We could fit that into this messenger bag with room to spare and maybe even get it under the seat, too. Hard to say, though. The problem is that 20-inch length. Many airplanes only fit 18-inch bags.
But we were hoping we could upgrade our travel kit to a dSLR. And that required a compromise.
The 13-inch laptop fits with no problem, even in a protective sleeve (because you can't be too careful). That leaves a lot of shallow pockets and the big camera case.
You could leave the camera case at home in favor of wraps, of course. That will gain you a little more room. It's a bit tough to use the camera case merely because the top of the bag is narrower than the bottom so taking it in and out is a problem.
We couldn't carry our Nikon D300 with an 18-200mm lens attached in the camera case when our laptop was already in the bag. It just wouldn't zipper shut. We could break it down but then we'd have to assemble the camera to shoot.
This almost makes us think the Lowe Pro dSLR video pack is the answer to our problems. It takes a 13-inch laptop (barely) on the flat side and on the bottom of the hump it has a side door for a dSLR the size of our D300 with a long zoom attached, so you can swing it around, open it and pull out your camera. There's still room upstairs in the hump for more gear like chargers and external drives.
But it's not going to fix under the seat in front of you. And we're not happy about they way some people shove their bags into overhead storage or how airlines often require checking overhead bags at the gate when capacity has been overrun.
A smaller dSLR like the Canon Rebel wouldn't be a problem in this bag. And a mirrorless setup would not have to be broken down. But in the end we were a little disappointed in what would not fit in this large bag and how we probably couldn't fly with it.
It's important to point out that this bag is not designed to be used when you are actually shooting. It's luggage. You are transporting your studio.
You can, of course, take your camera out of the bag and walk around shooting but you can't conveniently holster your camera with a messenger bag. For that, take a look at the Sling Bag.
We did manage to load the 25/7 Messenger Bag with a pretty complete working kit including eveything from a small router to a laptop to external storage. Pretty much everything you would need on an extended trip. Here's what we put in it.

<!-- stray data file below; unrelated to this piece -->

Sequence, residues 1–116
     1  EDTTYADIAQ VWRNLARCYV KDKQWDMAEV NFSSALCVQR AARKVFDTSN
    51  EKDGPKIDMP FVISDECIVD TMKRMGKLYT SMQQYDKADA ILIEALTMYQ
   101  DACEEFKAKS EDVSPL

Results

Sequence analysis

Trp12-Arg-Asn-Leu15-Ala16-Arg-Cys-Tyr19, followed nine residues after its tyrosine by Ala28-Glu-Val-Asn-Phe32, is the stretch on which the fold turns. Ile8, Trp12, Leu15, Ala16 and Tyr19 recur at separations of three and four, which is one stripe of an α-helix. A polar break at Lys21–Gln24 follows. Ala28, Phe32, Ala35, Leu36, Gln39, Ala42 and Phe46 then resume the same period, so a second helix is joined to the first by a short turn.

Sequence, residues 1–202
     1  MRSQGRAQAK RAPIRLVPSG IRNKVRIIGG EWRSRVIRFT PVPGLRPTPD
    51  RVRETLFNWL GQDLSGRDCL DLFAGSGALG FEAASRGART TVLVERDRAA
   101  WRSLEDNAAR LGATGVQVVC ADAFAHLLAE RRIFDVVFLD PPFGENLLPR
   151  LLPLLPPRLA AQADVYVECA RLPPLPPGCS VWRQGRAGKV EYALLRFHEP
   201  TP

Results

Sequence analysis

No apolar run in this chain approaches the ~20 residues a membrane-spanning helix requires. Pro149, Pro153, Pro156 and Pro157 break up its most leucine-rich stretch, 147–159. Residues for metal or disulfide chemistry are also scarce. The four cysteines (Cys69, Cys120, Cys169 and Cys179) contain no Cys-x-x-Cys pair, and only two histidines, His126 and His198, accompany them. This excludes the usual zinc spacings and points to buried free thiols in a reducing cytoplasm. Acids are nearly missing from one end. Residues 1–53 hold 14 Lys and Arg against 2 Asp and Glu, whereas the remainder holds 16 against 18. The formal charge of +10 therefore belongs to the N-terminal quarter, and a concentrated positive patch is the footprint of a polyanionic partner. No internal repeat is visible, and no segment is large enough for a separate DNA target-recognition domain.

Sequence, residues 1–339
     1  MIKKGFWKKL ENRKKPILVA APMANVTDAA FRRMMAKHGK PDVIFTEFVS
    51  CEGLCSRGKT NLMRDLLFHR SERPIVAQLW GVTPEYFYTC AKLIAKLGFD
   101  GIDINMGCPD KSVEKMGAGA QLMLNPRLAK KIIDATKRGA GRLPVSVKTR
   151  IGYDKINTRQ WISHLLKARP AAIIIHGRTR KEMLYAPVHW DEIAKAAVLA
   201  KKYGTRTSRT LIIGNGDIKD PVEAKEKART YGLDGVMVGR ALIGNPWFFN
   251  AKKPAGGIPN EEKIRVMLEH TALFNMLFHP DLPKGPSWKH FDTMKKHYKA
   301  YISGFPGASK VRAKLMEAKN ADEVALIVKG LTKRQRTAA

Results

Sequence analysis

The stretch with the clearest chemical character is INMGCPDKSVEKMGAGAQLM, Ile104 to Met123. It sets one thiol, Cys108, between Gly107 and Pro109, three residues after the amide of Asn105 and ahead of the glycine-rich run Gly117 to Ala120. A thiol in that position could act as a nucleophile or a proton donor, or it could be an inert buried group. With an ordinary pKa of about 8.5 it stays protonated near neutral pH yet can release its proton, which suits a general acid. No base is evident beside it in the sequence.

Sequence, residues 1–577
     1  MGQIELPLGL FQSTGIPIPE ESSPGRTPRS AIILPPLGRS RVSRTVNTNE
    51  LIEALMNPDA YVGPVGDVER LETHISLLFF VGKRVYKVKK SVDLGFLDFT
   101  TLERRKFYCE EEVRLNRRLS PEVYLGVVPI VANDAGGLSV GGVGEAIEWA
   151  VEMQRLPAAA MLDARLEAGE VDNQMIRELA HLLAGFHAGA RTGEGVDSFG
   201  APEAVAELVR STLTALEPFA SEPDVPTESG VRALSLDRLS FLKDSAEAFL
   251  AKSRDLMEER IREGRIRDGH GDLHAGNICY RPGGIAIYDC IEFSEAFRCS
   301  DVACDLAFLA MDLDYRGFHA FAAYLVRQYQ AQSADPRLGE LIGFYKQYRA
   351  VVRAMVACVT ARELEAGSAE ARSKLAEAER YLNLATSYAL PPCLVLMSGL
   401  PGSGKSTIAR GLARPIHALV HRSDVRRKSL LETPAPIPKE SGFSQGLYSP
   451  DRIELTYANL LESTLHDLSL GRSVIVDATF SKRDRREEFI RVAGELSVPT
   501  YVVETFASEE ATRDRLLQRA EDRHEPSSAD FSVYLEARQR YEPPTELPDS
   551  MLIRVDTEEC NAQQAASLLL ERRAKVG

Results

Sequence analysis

In the Camera bag:
- A Gossen light meter
- A Canon Rebel with 18-55mm kit lens
Alongside the Camera bag:
- An 18-200mm zoom
- A spare filter
- A lens pen
- A spare card in the Card holder
- Kingston MobileLite G2 remote router, charger
- A power adapter for the laptop (below)
In the laptop compartment:
- A 13-inch MacBook Pro
- In an Incase protective sleeve
In the Accessories bag:
- USB cable to charge the camera battery
- USB thumbdrives for duplicate storage
For a day trip we wouldn't need to bring recharging items or the small router. And we could save some space by eliminating the laptop protective sleeve.
It takes some puzzling solving skill to pack so much in such tight quarters. But it can be done. And, we found, we could lift the bag and wear it comfortably on our back.
Which may also be the way to avoid having to check it at the gate. Rumor has it that flight attendants look for rollers not backpacks.
Adorama's 24/7 Traffic Messenger Bag lists for $79.95 and is currently discounted to $39.95.
It's hard to quibble about an $80 bag that includes so many nice touches like the camera bag and laptop compartment. If nothing else, it gives you a nice Plan B to consider when packing for a trip or a shoot.
We had not problem with the design or construction in general. It held up well over a few weeks of bashing around the bunker.
The one feature we did not like was the shoulder strap sewn into the bag. It just wasn't flexible enough to use over the shoulder unless you really let out the strap and then you have no padding. You really have to use it across your chest.
So a qualified recommendation of two corners for this messenger bag.